Little by little, day winds down
its props, its scaffold of light.
The sun is slipped into its case,
and a woman with a basket
of washing is the last pin
holding back the curtain of night,
the tumble and the weight of it.
LISTEN to ‘Nightfall’ by Joanna Preston
Joanna Preston is an Australian-born poet, editor, and freelance creative writing tutor, who lives in a rural town in Canterbury. She has an MPhil in Creative Writing from the University of Glamorgan (now the University of South Wales) and been widely published within Aotearoa New Zealand and overseas. She has edited or co-edited seven anthologies, including Leaving the Red Zone: poems from the Canterbury earthquakes (Clerestory Press, 2016) with James Norcliffe. She also served as poetry editor for takahē, and co-editor of Kokako. Her first poetry collection, The Summer King (Otago University Press, 2009), won both the inaugural Kathleen Grattan Poetry Award and the 2010 Mary Gilmore Award. Her second collection, tumble (Otago University Press, 2021), has been shortlisted for the Mary and Peter Biggs Award for Poetry in the 2022 Ockham New Zealand Book Awards.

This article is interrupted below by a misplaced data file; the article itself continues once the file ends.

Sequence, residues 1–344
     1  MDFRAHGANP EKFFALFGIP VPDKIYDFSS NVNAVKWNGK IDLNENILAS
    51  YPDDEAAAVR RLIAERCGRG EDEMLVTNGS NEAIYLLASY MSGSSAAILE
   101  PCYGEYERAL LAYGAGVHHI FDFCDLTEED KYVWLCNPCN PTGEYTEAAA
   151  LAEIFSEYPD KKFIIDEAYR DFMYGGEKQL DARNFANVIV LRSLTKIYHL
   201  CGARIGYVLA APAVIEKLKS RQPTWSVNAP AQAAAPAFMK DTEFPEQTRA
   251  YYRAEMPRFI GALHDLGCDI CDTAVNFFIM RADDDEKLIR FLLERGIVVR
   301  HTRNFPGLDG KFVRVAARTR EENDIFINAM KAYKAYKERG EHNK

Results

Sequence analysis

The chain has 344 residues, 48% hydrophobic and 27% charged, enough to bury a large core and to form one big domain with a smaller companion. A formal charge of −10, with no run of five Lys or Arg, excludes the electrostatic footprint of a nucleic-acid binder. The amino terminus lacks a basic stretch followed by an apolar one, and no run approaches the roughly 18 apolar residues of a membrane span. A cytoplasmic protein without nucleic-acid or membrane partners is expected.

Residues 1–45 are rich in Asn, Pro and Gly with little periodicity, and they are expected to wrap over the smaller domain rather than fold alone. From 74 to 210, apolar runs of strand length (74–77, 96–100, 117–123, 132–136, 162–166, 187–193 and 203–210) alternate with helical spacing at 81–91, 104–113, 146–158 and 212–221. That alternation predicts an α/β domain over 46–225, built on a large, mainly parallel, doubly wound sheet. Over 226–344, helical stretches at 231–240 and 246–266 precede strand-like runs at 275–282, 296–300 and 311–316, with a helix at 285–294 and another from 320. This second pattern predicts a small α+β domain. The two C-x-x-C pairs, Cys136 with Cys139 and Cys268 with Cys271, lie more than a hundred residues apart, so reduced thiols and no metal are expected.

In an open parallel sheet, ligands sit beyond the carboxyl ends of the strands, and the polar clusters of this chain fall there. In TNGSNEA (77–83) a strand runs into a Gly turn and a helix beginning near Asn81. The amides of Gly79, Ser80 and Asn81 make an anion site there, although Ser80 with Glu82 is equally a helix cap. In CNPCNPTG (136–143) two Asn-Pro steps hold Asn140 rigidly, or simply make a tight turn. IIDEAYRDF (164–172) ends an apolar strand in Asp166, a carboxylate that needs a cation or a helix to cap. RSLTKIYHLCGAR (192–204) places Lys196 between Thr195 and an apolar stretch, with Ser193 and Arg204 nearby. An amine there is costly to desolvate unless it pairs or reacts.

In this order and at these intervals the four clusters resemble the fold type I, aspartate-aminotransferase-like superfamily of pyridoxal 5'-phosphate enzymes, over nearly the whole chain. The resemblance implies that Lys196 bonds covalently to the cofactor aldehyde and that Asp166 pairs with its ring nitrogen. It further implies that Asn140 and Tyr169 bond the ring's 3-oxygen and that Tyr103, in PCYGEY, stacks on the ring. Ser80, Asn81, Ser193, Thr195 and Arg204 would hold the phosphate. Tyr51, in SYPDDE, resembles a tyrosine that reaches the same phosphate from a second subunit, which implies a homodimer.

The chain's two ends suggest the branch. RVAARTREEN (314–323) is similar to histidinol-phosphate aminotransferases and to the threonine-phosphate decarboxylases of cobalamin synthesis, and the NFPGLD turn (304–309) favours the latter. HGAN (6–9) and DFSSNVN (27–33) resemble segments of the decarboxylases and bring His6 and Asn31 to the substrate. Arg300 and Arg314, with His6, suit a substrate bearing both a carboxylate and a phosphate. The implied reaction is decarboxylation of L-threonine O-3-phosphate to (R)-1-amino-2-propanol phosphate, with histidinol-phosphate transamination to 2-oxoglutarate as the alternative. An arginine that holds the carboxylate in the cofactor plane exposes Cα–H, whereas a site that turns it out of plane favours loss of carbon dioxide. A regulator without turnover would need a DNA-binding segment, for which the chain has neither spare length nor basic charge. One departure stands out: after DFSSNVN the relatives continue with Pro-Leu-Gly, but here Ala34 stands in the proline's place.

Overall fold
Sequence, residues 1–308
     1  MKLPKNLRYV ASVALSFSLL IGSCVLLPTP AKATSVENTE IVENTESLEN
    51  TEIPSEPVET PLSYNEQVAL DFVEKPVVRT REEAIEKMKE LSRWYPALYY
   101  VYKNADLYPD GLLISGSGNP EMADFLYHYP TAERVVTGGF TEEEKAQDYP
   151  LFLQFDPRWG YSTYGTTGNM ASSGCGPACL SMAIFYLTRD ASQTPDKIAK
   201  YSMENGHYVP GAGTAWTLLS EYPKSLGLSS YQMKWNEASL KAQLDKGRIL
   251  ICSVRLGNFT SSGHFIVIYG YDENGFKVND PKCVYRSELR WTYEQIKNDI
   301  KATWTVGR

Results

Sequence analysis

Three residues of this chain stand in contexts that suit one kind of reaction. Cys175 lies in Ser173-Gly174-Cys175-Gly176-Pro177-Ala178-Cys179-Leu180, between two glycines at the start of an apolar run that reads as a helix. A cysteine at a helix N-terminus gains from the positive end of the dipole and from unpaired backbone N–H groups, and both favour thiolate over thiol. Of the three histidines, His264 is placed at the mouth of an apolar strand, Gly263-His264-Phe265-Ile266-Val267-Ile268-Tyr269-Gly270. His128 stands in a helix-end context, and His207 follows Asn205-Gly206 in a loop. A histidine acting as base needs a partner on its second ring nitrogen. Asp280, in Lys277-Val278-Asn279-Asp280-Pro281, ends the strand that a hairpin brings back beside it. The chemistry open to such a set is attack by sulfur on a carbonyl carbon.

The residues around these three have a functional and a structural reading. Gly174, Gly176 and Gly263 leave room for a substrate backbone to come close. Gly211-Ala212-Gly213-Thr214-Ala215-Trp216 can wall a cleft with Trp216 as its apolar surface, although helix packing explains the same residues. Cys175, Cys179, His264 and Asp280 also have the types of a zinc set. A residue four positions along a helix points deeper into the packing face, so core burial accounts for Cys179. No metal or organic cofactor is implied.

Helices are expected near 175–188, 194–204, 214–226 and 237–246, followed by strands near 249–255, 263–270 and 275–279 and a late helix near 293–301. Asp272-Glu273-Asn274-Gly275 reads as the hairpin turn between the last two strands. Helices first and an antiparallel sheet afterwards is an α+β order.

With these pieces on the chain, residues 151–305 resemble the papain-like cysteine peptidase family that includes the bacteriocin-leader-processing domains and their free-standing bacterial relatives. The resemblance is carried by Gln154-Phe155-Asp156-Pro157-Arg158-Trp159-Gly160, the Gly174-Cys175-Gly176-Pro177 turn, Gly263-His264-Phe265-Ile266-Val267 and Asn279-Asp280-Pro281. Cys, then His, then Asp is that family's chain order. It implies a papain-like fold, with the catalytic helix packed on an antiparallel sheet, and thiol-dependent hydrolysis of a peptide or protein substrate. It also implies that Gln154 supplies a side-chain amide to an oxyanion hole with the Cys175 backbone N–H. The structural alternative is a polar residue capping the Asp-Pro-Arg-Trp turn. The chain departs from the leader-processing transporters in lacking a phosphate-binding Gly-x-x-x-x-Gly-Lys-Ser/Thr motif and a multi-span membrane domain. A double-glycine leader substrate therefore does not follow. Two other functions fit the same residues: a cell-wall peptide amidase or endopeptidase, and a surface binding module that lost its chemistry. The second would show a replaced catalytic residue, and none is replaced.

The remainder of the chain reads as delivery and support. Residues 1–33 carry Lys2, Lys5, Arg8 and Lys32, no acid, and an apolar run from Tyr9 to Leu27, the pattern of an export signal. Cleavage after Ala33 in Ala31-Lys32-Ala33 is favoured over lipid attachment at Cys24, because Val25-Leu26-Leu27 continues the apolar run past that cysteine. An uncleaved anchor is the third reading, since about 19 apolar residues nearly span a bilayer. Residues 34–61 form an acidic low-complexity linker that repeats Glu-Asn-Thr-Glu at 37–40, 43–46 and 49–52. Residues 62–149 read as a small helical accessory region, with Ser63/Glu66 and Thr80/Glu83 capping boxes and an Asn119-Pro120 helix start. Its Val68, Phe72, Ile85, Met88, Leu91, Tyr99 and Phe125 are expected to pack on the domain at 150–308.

Preston comments: 'I’ve always loved those transition times – darkness into daylight, or afternoon into night. How things stretch and open at dawn, or still and settle at dusk. This particular poem began, as so many do, with me wondering in ink about a word or a phrase – in this case the dead metaphor "nightfall". Looking back at my notes, the poem arrived fairly quickly at its central image, but it took me a long time of tinkering and walking away and coming back to understand where the poem needed to end. When I came to put tumble together, this poem was the obvious choice to end the collection – a voice answering back across the whole thing to the opening poem, and tying together the threads that I’d woven throughout. It also gave the book its title. Darkness and light, power and domesticity. A woman and a basket of washing, and the power to gently end everything. Or tuck it safely away until it's time to start again.'
Photographer credit: Stewart Collie